PHILIP FLETCHER BELL:  Yes, all children's—

HARLAN B. PHILLIPS:  Yeah.

PHILIP FLETCHER BELL:  —exhibits, and the executive committee put on teas for the openings and invited the ambassador and his entourage.

[00:25:01]

HARLAN B. PHILLIPS:  Uh-huh [affirmative].

PHILIP FLETCHER BELL:  And many of them were open there, many, many countries. Oh, and I must say friendly countries, at the time. We had a Polish exhibition, and the Polish—Poland was not—was friendly to us at that time. I don't remember that we had a Russian exhibition. I don't think we did.

HARLAN B. PHILLIPS:  Were the exhibitions—

PHILIP FLETCHER BELL:  Although, Pol—Russia was friendly to us at that time.

HARLAN B. PHILLIPS:  Yes.

PHILIP FLETCHER BELL:  Was there—

HARLAN B. PHILLIPS:  I think we had just shortly theretofore recognized Russia.

PHILIP FLETCHER BELL:  Yes.

HARLAN B. PHILLIPS:  '34, '33, something like that. Were the exhibitions well attended by the people of the District, or interested parties in the District?  Yeah. It made quite a stir, didn't it, the—

PHILIP FLETCHER BELL:  Yes, we got very good publicity.

HARLAN B. PHILLIPS:  Yes.

PHILIP FLETCHER BELL:  I handled the publicity, and—

HARLAN B. PHILLIPS:  Yeah.

PHILIP FLETCHER BELL:  —we put out press releases.

HARLAN B. PHILLIPS:  You did?

PHILIP FLETCHER BELL:  With photographs of children's work and so on.

HARLAN B. PHILLIPS:  Uh-huh [affirmative]. Were there any papers connected with the—papers in the sense of documents and so on—connected with the Children's Art Center?  Was there any—

PHILIP FLETCHER BELL:  Thousands of them.

HARLAN B. PHILLIPS:  —they were—that were accumulated records, yes.

PHILIP FLETCHER BELL:  You know the government.

HARLAN B. PHILLIPS:  Yeah.

PHILIP FLETCHER BELL:  It's a paper organization.

HARLAN B. PHILLIPS:  Yeah, but unhappily, a lot of it gets lost, somehow. I was thinking of the publicity releases, the—

PHILIP FLETCHER BELL:  I have a number of them here, and I have a number of invitations, which were made up.

HARLAN B. PHILLIPS:  Uh-huh [affirmative].

 PHILIP FLETCHER BELL:  We had a silk-screen project.

HARLAN B. PHILLIPS:  Oh, did you?

PHILIP FLETCHER BELL:  Project in one of the youth organizations, what was it?  The National Youth Administration.

HARLAN B. PHILLIPS:  Yeah.

PHILIP FLETCHER BELL:  So, many young people in that did the designs for the invitation. We had one Seventh Day Adventist girl who did a number of them, it was very good.  She was my assistant for a long time.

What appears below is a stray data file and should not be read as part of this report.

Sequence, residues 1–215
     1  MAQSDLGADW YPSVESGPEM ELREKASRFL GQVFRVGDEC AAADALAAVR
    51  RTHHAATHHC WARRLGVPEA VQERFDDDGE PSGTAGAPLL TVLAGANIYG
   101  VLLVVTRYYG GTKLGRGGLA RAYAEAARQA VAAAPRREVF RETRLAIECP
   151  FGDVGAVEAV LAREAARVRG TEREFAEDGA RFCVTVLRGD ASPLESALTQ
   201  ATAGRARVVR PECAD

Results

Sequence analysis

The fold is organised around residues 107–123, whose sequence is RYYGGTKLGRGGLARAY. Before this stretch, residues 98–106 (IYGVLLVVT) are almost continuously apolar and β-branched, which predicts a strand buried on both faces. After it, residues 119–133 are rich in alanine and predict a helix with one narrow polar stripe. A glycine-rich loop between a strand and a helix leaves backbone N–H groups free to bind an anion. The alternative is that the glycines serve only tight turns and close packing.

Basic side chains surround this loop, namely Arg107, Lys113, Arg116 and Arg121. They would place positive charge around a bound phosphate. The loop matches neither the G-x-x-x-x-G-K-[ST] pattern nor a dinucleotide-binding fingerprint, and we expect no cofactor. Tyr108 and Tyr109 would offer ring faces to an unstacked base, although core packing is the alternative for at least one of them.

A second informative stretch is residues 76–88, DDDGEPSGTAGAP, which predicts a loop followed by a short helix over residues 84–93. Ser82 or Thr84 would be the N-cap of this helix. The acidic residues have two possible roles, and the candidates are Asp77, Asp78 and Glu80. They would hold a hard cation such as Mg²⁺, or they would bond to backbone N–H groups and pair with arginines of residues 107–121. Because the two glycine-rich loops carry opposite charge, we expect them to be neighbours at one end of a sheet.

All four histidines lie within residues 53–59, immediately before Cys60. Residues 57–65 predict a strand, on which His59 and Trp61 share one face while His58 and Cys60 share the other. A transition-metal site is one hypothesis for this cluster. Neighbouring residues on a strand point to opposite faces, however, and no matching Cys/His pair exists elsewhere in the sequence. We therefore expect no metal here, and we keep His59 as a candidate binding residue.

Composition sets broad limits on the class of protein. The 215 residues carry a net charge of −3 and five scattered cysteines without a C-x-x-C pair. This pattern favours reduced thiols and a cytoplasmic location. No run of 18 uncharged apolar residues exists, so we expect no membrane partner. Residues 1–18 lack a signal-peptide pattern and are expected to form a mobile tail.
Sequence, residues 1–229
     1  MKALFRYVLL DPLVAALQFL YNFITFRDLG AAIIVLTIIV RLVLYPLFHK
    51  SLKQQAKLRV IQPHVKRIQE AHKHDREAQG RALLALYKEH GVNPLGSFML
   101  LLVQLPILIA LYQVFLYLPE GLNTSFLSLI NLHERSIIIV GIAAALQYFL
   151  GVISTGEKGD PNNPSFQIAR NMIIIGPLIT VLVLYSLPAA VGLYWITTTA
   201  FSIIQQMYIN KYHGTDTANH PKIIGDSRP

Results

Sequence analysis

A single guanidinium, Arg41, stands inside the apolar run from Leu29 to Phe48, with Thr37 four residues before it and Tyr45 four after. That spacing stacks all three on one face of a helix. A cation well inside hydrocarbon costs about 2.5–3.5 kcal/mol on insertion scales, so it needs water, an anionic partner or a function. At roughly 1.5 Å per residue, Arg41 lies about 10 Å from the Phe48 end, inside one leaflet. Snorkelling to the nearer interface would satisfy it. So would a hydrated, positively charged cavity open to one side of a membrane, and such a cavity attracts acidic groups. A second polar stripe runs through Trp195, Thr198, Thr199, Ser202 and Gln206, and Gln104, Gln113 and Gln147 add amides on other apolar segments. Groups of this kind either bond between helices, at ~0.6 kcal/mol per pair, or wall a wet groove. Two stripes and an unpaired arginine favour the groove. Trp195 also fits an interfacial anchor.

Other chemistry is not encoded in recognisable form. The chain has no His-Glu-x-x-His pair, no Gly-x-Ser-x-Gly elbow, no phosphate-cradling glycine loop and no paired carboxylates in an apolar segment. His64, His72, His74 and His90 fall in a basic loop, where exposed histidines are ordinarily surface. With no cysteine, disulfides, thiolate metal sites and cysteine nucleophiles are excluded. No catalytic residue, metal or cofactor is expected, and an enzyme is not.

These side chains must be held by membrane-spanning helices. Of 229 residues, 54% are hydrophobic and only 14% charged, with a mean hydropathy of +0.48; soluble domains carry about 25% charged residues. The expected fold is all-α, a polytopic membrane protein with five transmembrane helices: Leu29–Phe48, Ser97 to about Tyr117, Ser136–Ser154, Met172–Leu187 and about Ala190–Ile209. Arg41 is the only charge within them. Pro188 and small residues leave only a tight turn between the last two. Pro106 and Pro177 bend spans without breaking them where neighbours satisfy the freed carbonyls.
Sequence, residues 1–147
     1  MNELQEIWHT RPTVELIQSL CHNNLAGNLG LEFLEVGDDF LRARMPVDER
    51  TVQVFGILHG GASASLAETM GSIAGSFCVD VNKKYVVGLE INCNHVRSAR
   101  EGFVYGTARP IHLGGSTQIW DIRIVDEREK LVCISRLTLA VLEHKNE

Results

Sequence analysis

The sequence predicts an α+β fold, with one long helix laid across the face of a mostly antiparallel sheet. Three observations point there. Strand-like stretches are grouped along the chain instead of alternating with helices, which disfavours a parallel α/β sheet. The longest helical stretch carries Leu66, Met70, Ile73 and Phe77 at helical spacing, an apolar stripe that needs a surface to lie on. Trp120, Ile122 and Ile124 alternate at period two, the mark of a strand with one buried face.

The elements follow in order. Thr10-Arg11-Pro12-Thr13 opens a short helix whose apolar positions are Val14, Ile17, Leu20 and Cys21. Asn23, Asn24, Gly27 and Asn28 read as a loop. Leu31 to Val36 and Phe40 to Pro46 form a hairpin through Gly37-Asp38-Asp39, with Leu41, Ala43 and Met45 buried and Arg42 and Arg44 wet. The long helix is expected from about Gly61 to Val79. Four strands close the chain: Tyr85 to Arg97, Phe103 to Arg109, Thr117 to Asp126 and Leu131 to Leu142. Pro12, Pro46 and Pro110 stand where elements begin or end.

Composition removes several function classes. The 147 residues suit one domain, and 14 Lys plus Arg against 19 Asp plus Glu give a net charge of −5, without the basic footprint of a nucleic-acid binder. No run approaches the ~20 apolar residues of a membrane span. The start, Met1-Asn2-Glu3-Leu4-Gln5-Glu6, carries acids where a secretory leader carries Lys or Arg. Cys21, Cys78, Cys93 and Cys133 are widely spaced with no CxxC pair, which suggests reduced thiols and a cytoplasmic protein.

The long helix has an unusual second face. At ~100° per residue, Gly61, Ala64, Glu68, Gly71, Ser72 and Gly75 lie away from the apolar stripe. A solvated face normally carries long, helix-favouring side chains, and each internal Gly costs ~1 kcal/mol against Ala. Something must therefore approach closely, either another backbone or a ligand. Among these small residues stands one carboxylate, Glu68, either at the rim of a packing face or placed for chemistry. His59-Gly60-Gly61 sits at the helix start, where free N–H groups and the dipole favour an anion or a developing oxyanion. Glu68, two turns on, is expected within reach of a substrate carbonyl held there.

HARLAN B. PHILLIPS:  Uh-huh [affirmative].

PHILIP FLETCHER BELL:  But she didn't come as a religious connection. She was on the National Youth Administration.

HARLAN B. PHILLIPS:  Yes. So, there is this, you know, this relation with other agencies also active, not particularly in the art field, but in the—

PHILIP FLETCHER BELL:  Oh yes.

HARLAN B. PHILLIPS:  —employment field. Were—

PHILIP FLETCHER BELL:  And they centered [ph] at that building for a time and they had classes there at one point, and they moved somewhere else.

HARLAN B. PHILLIPS:  Uh-huh [affirmative]. Was there any sort of arts and crafts training, in addition to art and the painting sense, the drawing sense?

PHILIP FLETCHER BELL:  Yes, we had modeling.

HARLAN B. PHILLIPS:  You did?

PHILIP FLETCHER BELL:  Clay modeling.

HARLAN B. PHILLIPS:  Uh-huh [affirmative].

PHILIP FLETCHER BELL:  And crafts as such were not emphasized. I mean, there was no basket weaving or anything like that.

HARLAN B. PHILLIPS:  No.

PHILIP FLETCHER BELL:  It was for artists.

HARLAN B. PHILLIPS:  Yeah. And the teaching was largely drawing and painting?

PHILIP FLETCHER BELL:  Now, all the time this was going on, the project had its own activities with its artists, who were painting for the project. [Cat meowing.] We set up a lithograph project, we had a silk-screen affair, we had various things. We had a photographer there, but he had no classes, I think.

HARLAN B. PHILLIPS:  Mm-hmm [affirmative]. So, the children got a—if they wished, a wider sampling than merely drawing and painting, then?

PHILIP FLETCHER BELL:  Not much.

HARLAN B. PHILLIPS:  Not much?

PHILIP FLETCHER BELL:  Not much, no. [Inaudible] drawing and painting and clay modeling.